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"We have found that life is just too short, so lets have a lot of fun in a safe shooting environment."

"Your best days of shotgunning usually are somewhere between just trying to have fun and being aware of the location of the next target."

"There are shotgunning basics that once learned will forever simplify how you shoot a shotgun."

Tip 501: The Frugal Shooter's Practice

     The best way to become a better shotgunner is to practice with a gun in your hand.  However, in today’s world we would probably be broke or out of a job if we shot as much as we would like.  At the same point do you have any friends (surely not yourself) that haven’t picked up their gun since the closing weekend of hunting season last year?  It is very hard to be a consistently good shooter if one isn’t picking up their gun regularly. As much as we love watching sunrises over the water in December it is a lot more fun driving home when there is a strap full of birds in the back.  Our goal is to increase the number of times you are smiling with limits. While we can't hand you a golden reservation ticket, we can help improve your success in the opportunities you do receive.

One great (by far the cheapest) way to practice your shotgunning is at home without ammunition, clays or live birds.  All you need for this training is a moderately dark, uninhabited room in your house, your favorite shotgun (with or without sling), and a mini-Maglite.  The mini-Maglite that takes AA batteries will work well for your 12 gauge, while the AAA battery version works for 12 and 20 gauge shotguns. We have used this drill effectively in the past when we picked it up from Gil Ash (and others)

First we will get you set up on the basics of the drill, and then go into how to maximize your time at home.  Here is what you need to do.

- Prove the gun is unloaded prior to doing anything.

- Insert a mini-Maglite into the end of the barrel so that the flashlight lamp is sitting outside your barrel.

Barrel light

- Mount your gun to the corner of the darkened room walls and ceiling interface. Repeat this so that the light is coming up to the corners without you looking at the beads.


- Once your mount is coming up correct repeatedly, work on moving your gun along the edges of the interface of the ceiling and walls.

- If possible have someone assist you by adding a laser point to track and/or “lead”.


Think of shotgunning as a muscle that needs to be worked out on occasion.   While it would be nice to have a multi-million dollar gym at your disposal… sometimes you just have to do pushups and crunches on the floor.  Proper shotgunning comes from looking at a target/bird and having the gun instinctively go where you want it to.  Kind of like hitting a baseball, golf ball, tennis ball etc… we don’t look at the bat/racket/club as we swing, instead we look at the ball.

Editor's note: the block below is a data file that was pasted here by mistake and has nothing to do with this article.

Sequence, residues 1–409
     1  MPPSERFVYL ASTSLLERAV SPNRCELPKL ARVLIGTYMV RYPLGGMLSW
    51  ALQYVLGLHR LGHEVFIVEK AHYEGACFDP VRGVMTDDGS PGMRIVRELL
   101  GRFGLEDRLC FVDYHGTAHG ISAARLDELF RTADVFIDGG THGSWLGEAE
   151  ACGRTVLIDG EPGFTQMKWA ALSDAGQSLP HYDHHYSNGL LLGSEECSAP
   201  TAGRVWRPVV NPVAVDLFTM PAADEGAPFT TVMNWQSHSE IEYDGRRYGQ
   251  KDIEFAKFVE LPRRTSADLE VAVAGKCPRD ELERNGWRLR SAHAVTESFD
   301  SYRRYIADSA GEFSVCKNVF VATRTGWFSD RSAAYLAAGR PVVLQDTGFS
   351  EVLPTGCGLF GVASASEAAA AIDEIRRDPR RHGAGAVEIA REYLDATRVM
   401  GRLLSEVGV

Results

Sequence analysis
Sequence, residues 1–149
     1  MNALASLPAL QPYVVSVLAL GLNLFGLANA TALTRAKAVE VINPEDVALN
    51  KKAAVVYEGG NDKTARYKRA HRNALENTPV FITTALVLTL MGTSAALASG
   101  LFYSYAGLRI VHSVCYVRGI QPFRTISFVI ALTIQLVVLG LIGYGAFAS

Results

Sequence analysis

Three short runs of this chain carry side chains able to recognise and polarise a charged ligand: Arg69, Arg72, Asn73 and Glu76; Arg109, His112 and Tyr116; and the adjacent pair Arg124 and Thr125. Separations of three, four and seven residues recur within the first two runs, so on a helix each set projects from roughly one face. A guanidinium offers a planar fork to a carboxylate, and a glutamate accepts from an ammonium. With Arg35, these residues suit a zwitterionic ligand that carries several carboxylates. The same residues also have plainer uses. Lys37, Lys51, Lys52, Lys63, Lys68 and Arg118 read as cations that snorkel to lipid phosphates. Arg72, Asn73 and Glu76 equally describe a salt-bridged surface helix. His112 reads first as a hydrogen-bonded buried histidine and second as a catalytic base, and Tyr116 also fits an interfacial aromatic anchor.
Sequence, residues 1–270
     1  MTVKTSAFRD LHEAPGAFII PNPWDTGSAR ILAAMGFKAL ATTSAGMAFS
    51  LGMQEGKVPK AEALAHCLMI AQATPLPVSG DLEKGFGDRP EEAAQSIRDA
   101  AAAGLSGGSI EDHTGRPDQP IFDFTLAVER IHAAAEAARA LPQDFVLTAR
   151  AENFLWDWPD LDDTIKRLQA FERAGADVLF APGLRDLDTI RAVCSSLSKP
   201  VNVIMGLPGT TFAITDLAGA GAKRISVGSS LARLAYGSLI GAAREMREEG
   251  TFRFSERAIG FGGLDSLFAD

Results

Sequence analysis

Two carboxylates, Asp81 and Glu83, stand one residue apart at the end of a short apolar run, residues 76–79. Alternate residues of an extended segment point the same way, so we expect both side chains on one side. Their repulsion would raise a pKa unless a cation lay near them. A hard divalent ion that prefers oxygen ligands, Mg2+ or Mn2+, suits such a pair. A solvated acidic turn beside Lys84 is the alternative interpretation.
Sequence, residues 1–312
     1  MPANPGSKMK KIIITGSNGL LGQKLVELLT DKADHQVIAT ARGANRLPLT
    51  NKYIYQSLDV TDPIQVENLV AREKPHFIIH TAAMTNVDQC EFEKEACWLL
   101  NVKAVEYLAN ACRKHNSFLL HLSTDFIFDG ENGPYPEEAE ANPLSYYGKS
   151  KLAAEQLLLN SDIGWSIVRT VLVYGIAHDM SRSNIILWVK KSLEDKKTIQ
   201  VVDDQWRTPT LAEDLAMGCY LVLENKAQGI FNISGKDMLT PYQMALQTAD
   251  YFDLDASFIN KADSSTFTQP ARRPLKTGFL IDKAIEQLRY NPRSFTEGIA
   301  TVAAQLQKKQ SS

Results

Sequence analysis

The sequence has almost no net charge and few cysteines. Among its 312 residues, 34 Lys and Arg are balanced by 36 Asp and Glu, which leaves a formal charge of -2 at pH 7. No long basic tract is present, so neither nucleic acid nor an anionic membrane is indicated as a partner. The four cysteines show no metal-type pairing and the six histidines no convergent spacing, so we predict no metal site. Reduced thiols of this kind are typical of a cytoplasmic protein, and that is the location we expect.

What are we doing with these drills?

1.  Initially we are working on coming up to mount your gun in a smooth and controlled fashion.  If the light is bouncing all over the walls as you mount, it is time to practice until you are smooth and the light holds in place.  For newer shooters this actually helps develop muscles and general muscle control required to shoot.  The bow hunters out there understand the first time they lifted a bow and how heavy it felt along with the draw weight.  However, over time it feels natural or easy to lift the exact same bow and this applies with a shotgun as well.

2. Once you are controlling the mount it is extremely important to remember that you are looking at the lighted corner NOT the bead.  Allow the light to show you were the gun is pointed.  This trains your eyes to look out in front, and realize that a pattern of light (or shot) will cover up where you are looking.

3. Moving the along the edges of the wall and ceiling continues to build muscle and a smooth move.  Again we are looking at the light on the wall and focusing “downrange”.

4. Adding laser pointer assistance from a friend actually enhances the focus on the wall.  With a smooth move (and smooth laser operation) one can get used to controlling the barrel without lots of extra movements that are the downfall of many hunters.

5.  Last but not least (and this might sound a bit crazy).  Imagine being in your favorite “X” spot and a bird coming in to the decoys.  Swing along the wall to mimic the move of that shot, visualizing the flight and dead bird falling.  Visualization may sound nuts but this trick actually can build up your target memory and confidence. 

Take a shot at working these drills and teaching them to newer shooters as well.  You will be surprised how effective these essentially free shooting drills will be over the course of your season.  While getting out and shoot targets or live birds is the best practice, sometimes its good to have a backup training plan. 

Looking forward to seeing (albeit well concealed) many of you in the tules and tanks this year,


Pacific Shotgun Academy